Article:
Lucy (fossil)

Article

December 8, 2021

Lucy is a 3.2 million-year-old fossil of Australopithecus afarensis, discovered in 1974 by Professor Donald Johanson, an American anthropologist and curator of the Cleveland Museum of Natural History, and student Tom Gray in Hadar, Ethiopia's Afar Desert when a team of archaeologists was excavating. Her name is Lucy because of the song "Lucy in the Sky with Diamonds" by British band The Beatles, played on a tape recorder at camp, and for having defined her as a female. Earlier, in 1924, in South Africa, Australian researcher Raymond Dart had discovered a skull intermediate in size between that of humans and that of chimpanzees and named the new species "Australopithecus", which means "southern monkey".

Discovery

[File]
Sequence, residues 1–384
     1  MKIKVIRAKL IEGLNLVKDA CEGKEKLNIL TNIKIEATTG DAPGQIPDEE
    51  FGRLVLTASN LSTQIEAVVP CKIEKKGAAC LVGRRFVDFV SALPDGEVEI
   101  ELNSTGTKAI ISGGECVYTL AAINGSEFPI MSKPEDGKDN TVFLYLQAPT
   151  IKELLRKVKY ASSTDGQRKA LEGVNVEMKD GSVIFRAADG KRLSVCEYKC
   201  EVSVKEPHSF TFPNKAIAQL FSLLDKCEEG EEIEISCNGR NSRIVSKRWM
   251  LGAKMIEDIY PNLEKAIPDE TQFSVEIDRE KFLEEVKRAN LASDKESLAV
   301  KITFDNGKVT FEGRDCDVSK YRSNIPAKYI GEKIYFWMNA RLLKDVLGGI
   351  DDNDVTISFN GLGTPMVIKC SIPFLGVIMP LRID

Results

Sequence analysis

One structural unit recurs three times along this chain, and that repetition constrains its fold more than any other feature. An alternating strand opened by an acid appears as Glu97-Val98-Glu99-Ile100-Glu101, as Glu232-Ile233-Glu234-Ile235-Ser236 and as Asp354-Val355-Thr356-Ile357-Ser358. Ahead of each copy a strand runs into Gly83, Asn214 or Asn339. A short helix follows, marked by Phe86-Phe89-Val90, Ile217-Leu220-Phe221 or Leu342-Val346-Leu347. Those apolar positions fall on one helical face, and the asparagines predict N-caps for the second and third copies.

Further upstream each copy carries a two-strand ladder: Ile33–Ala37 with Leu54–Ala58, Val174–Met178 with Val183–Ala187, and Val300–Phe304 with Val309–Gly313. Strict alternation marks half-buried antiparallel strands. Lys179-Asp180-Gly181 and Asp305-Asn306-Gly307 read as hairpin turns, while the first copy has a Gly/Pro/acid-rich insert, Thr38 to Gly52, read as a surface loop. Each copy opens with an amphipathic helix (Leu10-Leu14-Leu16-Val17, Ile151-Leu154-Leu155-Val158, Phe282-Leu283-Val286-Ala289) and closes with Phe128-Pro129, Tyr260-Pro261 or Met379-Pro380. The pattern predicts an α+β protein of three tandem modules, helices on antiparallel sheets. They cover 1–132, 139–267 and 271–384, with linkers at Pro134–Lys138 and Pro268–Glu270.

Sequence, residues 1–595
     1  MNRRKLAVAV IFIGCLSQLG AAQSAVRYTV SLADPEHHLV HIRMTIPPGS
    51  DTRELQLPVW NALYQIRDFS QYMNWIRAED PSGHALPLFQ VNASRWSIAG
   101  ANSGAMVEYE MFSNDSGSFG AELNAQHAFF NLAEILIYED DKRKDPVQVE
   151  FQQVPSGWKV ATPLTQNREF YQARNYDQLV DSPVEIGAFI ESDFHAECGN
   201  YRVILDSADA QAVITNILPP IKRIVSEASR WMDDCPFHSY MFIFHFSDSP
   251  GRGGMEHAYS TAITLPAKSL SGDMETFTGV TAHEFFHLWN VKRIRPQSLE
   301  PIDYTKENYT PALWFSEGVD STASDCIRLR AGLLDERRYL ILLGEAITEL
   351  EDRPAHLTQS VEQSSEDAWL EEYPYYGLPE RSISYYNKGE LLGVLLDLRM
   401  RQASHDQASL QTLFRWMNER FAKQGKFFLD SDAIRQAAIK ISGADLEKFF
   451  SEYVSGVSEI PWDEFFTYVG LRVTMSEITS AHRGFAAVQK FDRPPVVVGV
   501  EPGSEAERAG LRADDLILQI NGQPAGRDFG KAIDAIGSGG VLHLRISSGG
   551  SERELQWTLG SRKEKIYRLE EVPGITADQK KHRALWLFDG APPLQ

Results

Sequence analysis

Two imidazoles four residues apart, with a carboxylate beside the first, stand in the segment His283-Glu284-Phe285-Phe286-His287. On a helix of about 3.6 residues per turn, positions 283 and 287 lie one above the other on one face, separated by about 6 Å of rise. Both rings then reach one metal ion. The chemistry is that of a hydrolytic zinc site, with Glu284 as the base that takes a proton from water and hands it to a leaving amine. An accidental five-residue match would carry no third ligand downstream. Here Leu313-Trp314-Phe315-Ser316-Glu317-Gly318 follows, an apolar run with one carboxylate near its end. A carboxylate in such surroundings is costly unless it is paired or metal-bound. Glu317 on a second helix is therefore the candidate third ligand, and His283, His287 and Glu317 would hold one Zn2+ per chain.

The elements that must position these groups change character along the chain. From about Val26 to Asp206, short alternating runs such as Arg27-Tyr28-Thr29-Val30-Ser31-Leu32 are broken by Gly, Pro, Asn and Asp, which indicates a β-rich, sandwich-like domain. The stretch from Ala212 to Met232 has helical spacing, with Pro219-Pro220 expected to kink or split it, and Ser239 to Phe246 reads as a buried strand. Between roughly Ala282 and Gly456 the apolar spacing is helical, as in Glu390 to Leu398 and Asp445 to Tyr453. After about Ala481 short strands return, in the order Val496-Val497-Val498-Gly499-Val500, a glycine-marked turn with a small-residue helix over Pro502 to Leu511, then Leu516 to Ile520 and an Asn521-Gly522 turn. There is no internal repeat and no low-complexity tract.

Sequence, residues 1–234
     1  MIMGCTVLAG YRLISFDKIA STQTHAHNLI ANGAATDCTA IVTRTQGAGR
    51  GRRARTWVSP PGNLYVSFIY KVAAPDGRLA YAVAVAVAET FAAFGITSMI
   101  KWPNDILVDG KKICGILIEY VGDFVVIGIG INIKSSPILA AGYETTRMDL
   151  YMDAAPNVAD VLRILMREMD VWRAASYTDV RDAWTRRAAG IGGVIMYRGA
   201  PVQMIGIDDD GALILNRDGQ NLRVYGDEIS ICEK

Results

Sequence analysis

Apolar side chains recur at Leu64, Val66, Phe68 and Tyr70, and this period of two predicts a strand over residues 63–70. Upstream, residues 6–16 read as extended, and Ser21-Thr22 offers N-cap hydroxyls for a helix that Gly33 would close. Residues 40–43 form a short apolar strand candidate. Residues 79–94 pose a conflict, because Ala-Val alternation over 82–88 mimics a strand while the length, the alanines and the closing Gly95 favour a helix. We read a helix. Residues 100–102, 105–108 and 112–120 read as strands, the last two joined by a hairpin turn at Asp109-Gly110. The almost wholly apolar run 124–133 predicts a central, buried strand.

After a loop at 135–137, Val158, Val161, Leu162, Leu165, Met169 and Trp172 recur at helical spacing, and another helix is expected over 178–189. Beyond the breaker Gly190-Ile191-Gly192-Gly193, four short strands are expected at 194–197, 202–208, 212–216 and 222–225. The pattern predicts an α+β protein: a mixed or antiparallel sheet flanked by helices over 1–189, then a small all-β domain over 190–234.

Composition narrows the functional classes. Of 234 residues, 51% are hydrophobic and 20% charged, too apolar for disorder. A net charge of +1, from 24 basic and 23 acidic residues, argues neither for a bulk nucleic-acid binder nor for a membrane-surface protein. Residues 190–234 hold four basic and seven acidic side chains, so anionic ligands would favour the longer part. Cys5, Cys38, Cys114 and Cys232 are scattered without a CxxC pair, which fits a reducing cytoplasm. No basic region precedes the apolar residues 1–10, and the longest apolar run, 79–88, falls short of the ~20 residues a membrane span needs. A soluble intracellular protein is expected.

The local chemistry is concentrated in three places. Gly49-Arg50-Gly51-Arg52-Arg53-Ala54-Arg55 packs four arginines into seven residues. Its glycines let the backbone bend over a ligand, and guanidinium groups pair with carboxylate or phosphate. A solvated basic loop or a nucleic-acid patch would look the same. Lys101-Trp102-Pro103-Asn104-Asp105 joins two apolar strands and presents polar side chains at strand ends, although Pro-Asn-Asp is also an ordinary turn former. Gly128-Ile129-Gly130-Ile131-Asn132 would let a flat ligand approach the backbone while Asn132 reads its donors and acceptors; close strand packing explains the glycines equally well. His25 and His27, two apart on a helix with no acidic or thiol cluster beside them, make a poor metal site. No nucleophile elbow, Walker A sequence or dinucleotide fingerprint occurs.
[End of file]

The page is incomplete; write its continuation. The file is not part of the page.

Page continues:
French geologist Maurice Taieb discovered the Hadar Formation, in Ethiopia, in 1972. To research it, he created the International Research Expedition Afar (IREA), inviting the American anthropologist Donald Johanson (founder and director of the Institute of Human Origins to join the team). Arizona State University), British archaeologist Mary Leakey, and French paleontologist Yves Coppens (now at the Collège de France) to co-direct the investigation. In the fall of 1973 the team excavated Hadar in search of fossils and artifacts related to the origin of human beings. In November, towards the end of the first field season, Johanson recognized a fossil of the upper end of the tibia, which had been cut slightly in the anterior part. The lower end of the femur was found close to it, and the joining of the parts at the angle of the knee joint clearly showed that this fossil (reference "AL 129-1") was an upright walking hominid. More than three million years old, the fossil was much older than any other then known. The location was about a mile and a half from where "Lucy" would later be found. The following year, the team returned for the second field season, and found hominid jaws. On the morning of November 24, 1974, near the Awash River, Johanson gave up on updating his field notes and joined graduate student Tom Gray of Texas driving from Land Rover to location 162 to search for bone fossils. Both spent a few hours exploring the dusty terrain, until Johanson had the intuition to take a short detour on the way back, to re-examine the bottom of a small ravine that had been checked on at least two previous occasions by other workers. At first glance, there was hardly any bone in sight, but as they turned to leave, a fragment of arm bone exposed on the slope caught Johanson's attention. Next to it was a fragment of the back of a small skull. They noticed a part of the femur about three feet away. Looking further, they found more bones scattered on the slope, including vertebrae, a part of the pelvis (indicating the fossil was female), ribs and pieces of jaw. They marked the spot and returned to camp, pleased to find so many pieces apparently from a single hominid. In the afternoon, all the elements of the expedition were in place, dividing it into squares and preparing for a collection that they estimated would take three weeks. That first night they celebrated at camp, awake all night, and sometime during that night, the fossil "AL 288-1" was dubbed Lucy, after the Beatles song "Lucy in the Sky with Diamonds" which had been played loudly and repeatedly on a tape recorder at camp. Over the next few weeks, several hundred bone fragments were found, without duplications, confirming the original speculation that they were from a single skeleton. As the team found, 40% of a hominid's skeleton were

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